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A decade after Gulf War, Iraq endures
From Jane Arraf
BAGHDAD, Iraq (CNN) -- Ten years later, the Amaryia shelter in Baghdad, Iraq, remains a powerful symbol of the Gulf War.
The United States said the bunker was a military command and control center. Iraq denied it. Whatever the case, 400 civilians were killed when U.S. missiles slammed into it.
A decade later, the pain and the controversy endure.
Also enduring is the country's leader, Saddam Hussein. But he is more than a symbol. He is a powerful force who has survived three major U.S.-led attacks since the Gulf War, as well as bombings and plots to depose him.
At 63, Saddam mocks rumors that he is ill.
In a taped television address marking the 10th anniversary of the conflict, Saddam declared a "victory over enemies" of the Arab world during the Gulf War.
"Iraq has triumphed over the enemies of the (Arab) nation and over its enemies," he said.
The country has rebuilt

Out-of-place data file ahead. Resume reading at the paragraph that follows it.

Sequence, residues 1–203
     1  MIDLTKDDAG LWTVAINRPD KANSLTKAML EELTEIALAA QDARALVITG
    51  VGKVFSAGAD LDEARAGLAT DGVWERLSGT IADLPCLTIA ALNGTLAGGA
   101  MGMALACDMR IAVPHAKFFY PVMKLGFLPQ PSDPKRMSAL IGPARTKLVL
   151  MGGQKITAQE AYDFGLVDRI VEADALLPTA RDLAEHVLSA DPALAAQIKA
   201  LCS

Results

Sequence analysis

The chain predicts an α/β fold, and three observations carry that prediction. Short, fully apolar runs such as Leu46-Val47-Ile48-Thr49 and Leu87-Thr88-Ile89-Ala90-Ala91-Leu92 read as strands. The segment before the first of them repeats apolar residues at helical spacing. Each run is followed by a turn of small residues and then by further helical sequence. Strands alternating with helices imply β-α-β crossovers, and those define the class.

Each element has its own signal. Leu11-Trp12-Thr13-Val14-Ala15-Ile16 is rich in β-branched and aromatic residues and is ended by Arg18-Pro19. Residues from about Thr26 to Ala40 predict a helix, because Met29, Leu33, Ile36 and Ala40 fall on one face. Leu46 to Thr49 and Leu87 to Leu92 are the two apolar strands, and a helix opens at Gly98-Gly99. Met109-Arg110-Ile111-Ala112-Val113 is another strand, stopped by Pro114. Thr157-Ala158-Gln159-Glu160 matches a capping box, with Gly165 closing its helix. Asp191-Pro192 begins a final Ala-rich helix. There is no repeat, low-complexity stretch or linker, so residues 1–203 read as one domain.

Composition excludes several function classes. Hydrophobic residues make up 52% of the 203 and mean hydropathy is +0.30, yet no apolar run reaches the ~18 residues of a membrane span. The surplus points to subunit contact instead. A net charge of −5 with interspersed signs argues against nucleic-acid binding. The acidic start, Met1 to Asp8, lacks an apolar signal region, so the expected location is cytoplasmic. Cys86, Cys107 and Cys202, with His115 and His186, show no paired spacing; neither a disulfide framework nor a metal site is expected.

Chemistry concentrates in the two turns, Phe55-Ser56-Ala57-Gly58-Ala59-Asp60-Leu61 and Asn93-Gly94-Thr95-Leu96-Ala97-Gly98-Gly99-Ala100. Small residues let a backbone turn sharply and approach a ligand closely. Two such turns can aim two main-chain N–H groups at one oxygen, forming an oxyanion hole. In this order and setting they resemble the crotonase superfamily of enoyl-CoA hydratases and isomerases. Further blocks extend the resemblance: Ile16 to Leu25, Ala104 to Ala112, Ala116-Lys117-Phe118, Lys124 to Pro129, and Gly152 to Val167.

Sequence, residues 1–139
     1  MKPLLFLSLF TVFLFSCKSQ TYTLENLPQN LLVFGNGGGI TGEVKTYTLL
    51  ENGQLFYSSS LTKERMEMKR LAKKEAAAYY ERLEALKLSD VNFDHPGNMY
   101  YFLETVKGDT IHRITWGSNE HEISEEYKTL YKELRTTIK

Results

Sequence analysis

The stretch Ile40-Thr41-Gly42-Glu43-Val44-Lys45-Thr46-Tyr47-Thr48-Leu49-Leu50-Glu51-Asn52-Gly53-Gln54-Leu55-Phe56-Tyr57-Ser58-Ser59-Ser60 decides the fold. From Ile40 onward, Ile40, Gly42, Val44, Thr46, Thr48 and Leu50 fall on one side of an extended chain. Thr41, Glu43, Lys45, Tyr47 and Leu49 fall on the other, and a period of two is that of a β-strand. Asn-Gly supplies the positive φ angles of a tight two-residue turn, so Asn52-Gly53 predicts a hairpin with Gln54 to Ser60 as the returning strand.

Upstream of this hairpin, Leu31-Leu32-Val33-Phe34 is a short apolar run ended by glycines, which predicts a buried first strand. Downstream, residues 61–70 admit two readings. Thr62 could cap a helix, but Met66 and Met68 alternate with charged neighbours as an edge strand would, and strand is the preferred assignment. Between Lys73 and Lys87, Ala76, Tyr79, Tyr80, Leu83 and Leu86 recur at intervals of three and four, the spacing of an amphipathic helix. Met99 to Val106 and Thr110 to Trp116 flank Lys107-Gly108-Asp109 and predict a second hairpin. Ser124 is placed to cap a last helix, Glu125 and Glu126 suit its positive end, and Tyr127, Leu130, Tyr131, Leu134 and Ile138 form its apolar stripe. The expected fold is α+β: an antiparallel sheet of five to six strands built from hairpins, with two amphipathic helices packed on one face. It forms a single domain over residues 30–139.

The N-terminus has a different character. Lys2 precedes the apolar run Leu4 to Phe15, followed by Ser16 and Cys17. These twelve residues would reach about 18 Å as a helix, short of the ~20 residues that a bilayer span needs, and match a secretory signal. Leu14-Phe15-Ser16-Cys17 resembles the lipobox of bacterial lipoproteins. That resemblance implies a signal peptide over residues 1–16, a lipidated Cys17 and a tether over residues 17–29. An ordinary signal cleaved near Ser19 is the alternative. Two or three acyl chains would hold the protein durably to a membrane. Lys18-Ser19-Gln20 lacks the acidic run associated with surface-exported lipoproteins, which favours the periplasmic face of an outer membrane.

As soon as the Gulf War dust settled and the bodies were buried, Iraq began rebuilding.
Almost every building was repaired, every bridge restored. And now, despite the longest-lasting United Nations sanctions ever imposed, Iraq once again is one of the world's largest oil producers.
"Our people, technicians and engineers have done a magnificent job, which was really impossible, we believed, before the war," said Amer Mohammed Rasheed, the Iraqi oil minister.
Recycling, re-creating and surviving
There is a saying: "What can't be changed must be endured." And Iraqis, heirs to the oldest civilization in the world, are masters of endurance.
They've endured by recycling and re-creating. Many have endured by turning to religion.
Some have endured by selling almost everything precious to them.
But the decade since the Gulf War has taken a toll. UNICEF says the infant mortality rate has doubled. And there's talk of a "lost generation" as children drop out of school.
Iraq has become a nation where doctors earn more money driving taxis than practicing medicine.
Arms inspectors left two years ago
Though the country has endured, many items are in short supply -- optimism being just one of them.
For the Iraqi government, the trade-off is worth it. The last U.N. weapons inspectors left two years ago and have not returned.
No one expected the sanctions to last this long. But no matter what comes next, Iraqis have little choice but to endure.
Tenth anniversary of the Gulf War: A look back
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